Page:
Social innovation in welfare practices: identification, idealisation and shame

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In the Nordic welfare states, social innovation is currently seen as key to improving and renewing services and sustainable products, to changing and empowering people’s lives, to enhancing public services and to encouraging private–public–civil collaborations. In this article, I provide insights into
the psychosocial fabric of this current development, pointing out how identification, idealisation and shame become descriptive of the psychosocial landscape in social enterprises. Social enterprises invest in creating both social and economic value as well as reinvesting their profits for the good of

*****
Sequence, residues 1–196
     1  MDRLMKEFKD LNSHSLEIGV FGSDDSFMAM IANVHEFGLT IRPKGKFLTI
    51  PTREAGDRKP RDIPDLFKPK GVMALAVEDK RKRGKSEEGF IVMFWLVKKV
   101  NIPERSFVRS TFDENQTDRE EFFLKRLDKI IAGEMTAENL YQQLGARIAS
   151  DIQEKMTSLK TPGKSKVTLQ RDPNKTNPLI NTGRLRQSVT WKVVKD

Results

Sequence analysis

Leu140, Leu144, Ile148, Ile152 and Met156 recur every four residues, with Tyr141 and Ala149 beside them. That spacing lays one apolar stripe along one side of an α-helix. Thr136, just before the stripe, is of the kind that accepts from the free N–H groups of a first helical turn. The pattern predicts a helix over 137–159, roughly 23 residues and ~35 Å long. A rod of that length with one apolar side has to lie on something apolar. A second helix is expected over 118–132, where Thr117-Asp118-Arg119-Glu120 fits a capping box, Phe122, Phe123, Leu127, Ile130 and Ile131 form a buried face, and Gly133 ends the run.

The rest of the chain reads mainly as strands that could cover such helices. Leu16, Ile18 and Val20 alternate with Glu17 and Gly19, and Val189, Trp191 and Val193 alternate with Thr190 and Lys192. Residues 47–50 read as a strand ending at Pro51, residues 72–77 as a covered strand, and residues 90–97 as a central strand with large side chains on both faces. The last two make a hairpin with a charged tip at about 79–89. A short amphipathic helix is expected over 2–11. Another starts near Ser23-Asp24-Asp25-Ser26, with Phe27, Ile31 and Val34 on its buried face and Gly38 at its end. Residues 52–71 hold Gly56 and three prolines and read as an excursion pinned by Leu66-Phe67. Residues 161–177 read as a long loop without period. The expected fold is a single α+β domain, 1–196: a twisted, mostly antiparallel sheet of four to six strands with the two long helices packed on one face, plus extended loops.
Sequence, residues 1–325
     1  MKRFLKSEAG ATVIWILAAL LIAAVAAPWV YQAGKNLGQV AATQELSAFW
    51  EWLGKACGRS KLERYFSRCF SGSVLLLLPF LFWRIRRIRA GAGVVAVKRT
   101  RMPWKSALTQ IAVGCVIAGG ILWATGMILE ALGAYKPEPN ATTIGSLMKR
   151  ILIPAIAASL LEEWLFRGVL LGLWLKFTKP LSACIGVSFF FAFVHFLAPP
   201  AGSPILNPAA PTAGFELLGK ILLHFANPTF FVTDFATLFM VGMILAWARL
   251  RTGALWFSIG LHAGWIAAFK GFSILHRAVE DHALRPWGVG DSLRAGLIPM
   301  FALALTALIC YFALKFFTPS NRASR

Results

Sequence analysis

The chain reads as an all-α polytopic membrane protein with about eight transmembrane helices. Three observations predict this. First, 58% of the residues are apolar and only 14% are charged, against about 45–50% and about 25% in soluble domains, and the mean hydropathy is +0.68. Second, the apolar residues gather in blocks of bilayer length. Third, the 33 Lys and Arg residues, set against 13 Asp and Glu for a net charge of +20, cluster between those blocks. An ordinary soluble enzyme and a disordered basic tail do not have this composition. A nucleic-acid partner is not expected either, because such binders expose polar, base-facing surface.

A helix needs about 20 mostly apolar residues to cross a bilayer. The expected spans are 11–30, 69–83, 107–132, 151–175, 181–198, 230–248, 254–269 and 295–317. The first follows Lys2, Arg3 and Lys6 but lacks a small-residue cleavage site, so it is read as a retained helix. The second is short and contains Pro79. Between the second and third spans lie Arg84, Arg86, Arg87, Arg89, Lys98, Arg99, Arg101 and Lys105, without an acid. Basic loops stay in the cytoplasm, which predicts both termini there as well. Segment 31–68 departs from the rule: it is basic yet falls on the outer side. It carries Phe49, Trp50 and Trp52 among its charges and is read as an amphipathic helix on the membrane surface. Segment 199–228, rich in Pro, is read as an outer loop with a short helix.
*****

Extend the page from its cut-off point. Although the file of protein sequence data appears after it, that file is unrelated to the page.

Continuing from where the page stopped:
their enterprise, staff, volunteers and the local community. Through an examination of case studies, I illustrate how managers and staff identify with and idealise their social innovative missions, but find it difficult to fulfil their aspirations in the face of (neoliberal) societal and organisational contexts and conditions
Original languageEnglish
JournalJournal of Psycho-Social Studies
Issue number3
Pages (from-to)235-245
Publication statusPublished - 31 Aug 2020

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